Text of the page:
Life Remembered: Bugalecki a devoted family man with passion for the Packers

BY DIANE GILESdgiles@kenoshanews.com
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Al Bugalecki was a Packer fan who got his whole family involved in his love for the Green and Gold.

When his children were young, he and his wife Helen would pack up the family and head to Green Bay, cheering at the preseason games and tailgating before each game.

“We were raised going up to Green Bay and watching the practice sessions from the time we were small,” his daughter Susan said.

Al Bugalecki, 93, died September 21, 2013, leaving Helen, his wife of 66 years; children Carol (Mauro) Lenci, Susan Walker and Michael (Christine) Bugalecki; six grandchildren; eight great-grandchildren; and siblings Thaddeis Bugalecki and Constance Machara.

Born in Wild Rose, Wis., he moved to Kenosha with his large family when he was a young boy. Here he attended St. Casimir School, Washington Junior High School and Kenosha High School.

When America joined the Allied Forces in World War II, Al joined his five brothers serving in the army. All came home safely. It was a bond that kept them close over the years.

Al served in London as a medic, working triage, caring for the men coming off the planes that came limping back from bombing missions.

“If the surgeons got busy, he had to sew up the guys,” Helen said.

He met his future wife at a wedding. When she later heard he had entered the service, she sent him a Christmas card.

“We started writing to each other,” explained Helen. “Then when he came home, he came over to say ‘hi’ and ‘thanks’ for the letters. Then we started to date.”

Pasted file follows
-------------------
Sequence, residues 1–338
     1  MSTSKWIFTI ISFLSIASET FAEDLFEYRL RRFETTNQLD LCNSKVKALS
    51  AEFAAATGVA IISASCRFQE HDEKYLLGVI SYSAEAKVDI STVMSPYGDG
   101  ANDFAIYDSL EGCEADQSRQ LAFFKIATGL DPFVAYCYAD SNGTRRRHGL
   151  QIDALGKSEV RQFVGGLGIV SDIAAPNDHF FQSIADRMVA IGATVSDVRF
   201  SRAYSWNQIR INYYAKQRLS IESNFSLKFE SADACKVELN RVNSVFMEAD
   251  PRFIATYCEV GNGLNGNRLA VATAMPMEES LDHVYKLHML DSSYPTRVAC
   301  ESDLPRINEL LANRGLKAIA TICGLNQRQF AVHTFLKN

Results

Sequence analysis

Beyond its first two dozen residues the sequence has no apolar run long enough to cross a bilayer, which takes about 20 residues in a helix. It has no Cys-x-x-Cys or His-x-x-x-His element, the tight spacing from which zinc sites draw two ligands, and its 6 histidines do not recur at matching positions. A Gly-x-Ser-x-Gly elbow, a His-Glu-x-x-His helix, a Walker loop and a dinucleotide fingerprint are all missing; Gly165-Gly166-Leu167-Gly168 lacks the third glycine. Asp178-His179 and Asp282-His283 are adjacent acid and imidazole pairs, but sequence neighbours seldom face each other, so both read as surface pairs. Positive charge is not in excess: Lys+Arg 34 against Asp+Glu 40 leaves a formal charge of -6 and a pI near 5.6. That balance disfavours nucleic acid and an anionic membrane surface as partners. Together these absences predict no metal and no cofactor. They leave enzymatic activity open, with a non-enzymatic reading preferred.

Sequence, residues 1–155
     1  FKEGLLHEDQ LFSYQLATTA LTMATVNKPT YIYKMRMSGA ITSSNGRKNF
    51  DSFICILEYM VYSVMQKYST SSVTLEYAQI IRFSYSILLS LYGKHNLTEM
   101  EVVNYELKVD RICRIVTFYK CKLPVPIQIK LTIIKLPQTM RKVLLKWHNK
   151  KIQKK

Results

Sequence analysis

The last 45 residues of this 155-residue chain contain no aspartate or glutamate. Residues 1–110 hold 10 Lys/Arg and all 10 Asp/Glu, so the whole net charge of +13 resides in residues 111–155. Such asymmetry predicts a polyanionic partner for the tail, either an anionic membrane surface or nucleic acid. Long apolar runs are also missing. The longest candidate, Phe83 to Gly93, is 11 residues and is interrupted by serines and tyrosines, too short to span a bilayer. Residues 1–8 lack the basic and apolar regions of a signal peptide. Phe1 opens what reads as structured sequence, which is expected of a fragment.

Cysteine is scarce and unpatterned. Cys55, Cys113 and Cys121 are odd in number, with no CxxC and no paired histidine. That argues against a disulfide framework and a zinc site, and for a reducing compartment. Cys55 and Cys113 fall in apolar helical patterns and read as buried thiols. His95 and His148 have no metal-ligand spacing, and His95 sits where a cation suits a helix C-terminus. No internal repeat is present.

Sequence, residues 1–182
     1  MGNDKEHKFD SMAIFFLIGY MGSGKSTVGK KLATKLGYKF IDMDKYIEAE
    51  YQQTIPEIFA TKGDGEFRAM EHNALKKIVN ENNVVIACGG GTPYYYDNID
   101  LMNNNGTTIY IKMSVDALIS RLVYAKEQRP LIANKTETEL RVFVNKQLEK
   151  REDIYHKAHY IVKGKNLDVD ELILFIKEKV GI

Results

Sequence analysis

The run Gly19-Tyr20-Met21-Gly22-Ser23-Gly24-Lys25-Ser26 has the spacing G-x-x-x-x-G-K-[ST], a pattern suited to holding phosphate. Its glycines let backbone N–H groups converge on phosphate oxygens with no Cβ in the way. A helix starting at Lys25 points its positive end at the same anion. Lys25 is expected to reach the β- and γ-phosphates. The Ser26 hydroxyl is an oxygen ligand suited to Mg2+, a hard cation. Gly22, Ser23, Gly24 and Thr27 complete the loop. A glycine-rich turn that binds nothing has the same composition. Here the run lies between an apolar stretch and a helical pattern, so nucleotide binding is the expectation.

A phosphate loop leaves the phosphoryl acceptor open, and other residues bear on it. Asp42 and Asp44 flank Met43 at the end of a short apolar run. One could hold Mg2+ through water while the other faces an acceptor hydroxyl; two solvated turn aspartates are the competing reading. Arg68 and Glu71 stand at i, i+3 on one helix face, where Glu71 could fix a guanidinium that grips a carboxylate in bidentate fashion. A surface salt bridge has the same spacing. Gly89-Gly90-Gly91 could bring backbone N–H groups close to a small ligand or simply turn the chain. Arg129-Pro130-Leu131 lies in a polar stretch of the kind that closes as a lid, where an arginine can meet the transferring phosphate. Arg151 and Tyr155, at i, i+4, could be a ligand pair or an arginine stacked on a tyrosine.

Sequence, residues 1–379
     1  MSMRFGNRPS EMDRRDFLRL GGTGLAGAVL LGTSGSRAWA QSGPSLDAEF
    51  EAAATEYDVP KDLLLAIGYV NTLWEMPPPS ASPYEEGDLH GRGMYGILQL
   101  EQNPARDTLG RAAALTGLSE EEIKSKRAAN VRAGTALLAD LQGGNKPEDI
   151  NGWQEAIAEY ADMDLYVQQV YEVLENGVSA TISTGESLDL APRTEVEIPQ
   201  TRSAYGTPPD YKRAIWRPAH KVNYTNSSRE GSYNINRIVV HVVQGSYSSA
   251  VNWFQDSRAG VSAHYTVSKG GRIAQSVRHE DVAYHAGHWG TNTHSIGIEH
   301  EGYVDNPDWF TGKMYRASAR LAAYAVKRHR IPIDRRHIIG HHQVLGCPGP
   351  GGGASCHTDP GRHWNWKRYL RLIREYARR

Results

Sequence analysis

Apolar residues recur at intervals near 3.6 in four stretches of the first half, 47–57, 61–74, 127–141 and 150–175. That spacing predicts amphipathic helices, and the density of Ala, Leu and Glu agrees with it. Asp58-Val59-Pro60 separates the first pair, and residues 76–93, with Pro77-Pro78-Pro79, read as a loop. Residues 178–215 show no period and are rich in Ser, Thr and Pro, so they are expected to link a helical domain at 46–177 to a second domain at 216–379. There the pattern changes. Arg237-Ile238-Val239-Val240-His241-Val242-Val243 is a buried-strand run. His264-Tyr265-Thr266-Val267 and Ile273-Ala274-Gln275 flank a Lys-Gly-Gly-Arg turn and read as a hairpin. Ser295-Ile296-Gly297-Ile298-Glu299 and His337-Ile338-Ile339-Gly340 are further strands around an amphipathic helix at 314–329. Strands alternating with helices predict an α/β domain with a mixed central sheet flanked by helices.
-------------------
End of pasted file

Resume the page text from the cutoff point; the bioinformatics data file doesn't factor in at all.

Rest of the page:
The couple married on May 17, 1947, at St. Anthony Catholic Church.

“He was a very devoted husband. Every day he told me he loved me ... every day,” Helen said.

Al got a job at Anaconda American Brass and would work there for 40 years, much of it in the sheet brass mill. Later he was a foreman there.

When he was 40 years old, Al built a brick home for his family on the north side of Kenosha.

“He was a hard worker,” his daughter Carol said. “He’d come home from work and then go work on the house.”

When the Brass went on a long strike, he got a job at Samuel Lowe to bring in income, his daughter Susan recalled.

“He always made it possible for my Mom to be a stay-at-home mom,” Susan said.

His daughters remembered a good tempered father with a great sense of humor who never said “no” to lending someone a hand.

Those duties included taking family pets to the vet at the end of their lives, a chore Al took on with a heavy heart.

Al knew how to temper his hard work with fun. He bowled in a league.

He’d take the family on vacations up to Minocqua, Wis., to a rented cabin where he taught his kids to fish with bamboo poles. “We had to put our own worms on,” Susan said.

Another favorite vacation destination was Disneyworld, where he took his grandchildren as his family expanded.

He was a member of the Polish Legion of American Veterans.

Al was deeply rooted in his faith and was an active member at St. Anthony’s, working at the festivals and singing in the men’s choir.

He always wore his rosary ring and prayed daily, family members said.

He liked his coffee, but that one bottle of beer he savored after work was pure bliss. He’d have a couple during a Packer game, too, Susan said, but sometimes he’d give it up for Lent.

After Helen’s health problems took hold, Al took on the household grocery shopping. He learned the prices of goods, knew where to get the best buys, and became a coupon clipper extraordinaire.

“He took it over and he had coupons for anything, he had it all organized,” Carol said.

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